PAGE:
Our Blog

Is there a recipe for great web design?

by Matt Atkinson on February 25, 2013 , No comments

As with all forms of design there is always going to be debate over what is best and why.  Different designers will have different ideas about what works.  It is down to personal taste of the individual whether they prefer clean lines and minimalistic pages, or frills and extravagant embellishment.  When deciding on a design that best represents your business, it’s important to communicate and style likes and dislikes you have, so that your site is to your taste, not that of your designer.  It is always a good idea to listen to any suggestions they can make to your idea however as there are certain things that really don’t work, and others that are proven to have a high success rate.

There are certain design principles that are almost universally accepted, and are a great idea to include on your site in order to make it aesthetically pleasing and easy to navigate.

Colour

The first of these principles relates to colour.  Whilst there may be a select few people that like bold clashing colours, like shouty oranges and pinks in close proximity, for the vast majority clashing colours do not engage an audience and make content difficult to read.  It is therefore advisable that complimentary colours be used on websites as in print.

Font

There are a great many fonts to choose from both as standard on certain software packages and available to download online.  However, just because there are a lot of fonts, does not mean that you should use lots of fonts.  Try and limit font use to 1-3 different ones across the whole website.  Any more than this and it will start to look cluttered, disjointed and messy.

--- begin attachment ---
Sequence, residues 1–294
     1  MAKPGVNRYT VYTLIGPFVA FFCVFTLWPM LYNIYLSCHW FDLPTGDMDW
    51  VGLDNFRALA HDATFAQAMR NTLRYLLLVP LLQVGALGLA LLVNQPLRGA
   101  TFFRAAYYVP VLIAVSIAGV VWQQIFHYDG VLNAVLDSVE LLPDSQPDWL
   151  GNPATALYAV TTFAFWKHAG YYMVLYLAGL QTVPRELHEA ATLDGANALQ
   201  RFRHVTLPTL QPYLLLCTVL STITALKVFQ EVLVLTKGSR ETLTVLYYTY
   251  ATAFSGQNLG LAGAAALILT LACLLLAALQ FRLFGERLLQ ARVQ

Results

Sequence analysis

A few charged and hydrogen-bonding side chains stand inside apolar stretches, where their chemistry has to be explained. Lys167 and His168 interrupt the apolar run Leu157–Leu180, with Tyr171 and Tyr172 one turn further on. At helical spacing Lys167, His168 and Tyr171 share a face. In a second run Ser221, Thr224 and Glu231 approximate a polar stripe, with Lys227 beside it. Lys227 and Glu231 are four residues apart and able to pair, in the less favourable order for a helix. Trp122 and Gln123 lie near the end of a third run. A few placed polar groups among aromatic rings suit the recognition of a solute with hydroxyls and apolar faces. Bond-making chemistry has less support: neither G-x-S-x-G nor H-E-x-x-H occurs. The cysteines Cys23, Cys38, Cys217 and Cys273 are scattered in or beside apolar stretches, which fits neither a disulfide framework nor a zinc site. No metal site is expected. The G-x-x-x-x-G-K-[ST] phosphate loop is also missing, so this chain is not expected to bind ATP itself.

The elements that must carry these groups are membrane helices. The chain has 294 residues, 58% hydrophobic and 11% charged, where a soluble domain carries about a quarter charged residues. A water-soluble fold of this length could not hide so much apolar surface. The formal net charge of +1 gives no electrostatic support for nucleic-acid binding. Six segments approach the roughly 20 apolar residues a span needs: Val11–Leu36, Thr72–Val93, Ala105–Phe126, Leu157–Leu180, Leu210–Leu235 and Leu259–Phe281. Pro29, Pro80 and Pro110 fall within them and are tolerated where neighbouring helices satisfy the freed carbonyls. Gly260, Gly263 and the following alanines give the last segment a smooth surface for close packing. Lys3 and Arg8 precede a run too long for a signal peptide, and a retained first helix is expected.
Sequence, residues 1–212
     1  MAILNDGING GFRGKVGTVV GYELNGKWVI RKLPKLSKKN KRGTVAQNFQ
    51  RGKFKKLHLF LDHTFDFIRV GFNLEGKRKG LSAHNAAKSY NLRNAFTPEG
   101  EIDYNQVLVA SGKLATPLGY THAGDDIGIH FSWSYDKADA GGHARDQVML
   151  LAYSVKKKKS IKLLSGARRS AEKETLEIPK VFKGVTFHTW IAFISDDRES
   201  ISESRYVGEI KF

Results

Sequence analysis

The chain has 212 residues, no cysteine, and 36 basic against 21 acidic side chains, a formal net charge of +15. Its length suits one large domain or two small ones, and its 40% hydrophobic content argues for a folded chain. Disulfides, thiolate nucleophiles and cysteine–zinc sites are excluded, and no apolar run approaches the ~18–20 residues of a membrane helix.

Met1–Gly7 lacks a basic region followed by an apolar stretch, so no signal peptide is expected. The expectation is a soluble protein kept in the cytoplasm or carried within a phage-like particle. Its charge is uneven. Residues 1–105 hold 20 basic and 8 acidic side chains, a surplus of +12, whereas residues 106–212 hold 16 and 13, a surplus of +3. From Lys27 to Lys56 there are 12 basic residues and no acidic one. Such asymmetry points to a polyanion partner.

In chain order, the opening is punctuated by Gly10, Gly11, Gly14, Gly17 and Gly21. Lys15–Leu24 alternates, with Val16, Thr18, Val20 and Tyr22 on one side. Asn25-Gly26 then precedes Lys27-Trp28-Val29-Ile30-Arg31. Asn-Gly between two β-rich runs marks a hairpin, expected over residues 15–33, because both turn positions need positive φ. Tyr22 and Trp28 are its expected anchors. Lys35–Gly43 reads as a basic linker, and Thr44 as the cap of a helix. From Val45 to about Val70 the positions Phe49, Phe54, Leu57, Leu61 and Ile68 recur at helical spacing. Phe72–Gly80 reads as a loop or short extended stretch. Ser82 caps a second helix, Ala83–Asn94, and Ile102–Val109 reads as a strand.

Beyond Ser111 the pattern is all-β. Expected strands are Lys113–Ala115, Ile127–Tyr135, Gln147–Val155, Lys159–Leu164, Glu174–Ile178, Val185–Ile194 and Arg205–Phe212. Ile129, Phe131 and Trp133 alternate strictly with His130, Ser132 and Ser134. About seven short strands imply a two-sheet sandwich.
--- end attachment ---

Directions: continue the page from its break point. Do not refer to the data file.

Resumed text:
Thirds

Start by dividing a page into 3.  Anything you add to a page in thirds will be easy on the eye.  Thirds occur in nature and are therefore something the human eye is used to seeing and therefore absorbs easily.

White Space

Don’t be afraid to leave spaces.  It is much easier to read something that has a good amount of white space around or between it than it is to read something that is cluttered and full of images and text.  White space is your friend.  Use it as a tool as you would a picture or a symbol.

Whatever avenue you chose for designing your website remember the above rules and discuss your ideas with your designer.  It is your site and you want it to showcase your business as you want it to be seen.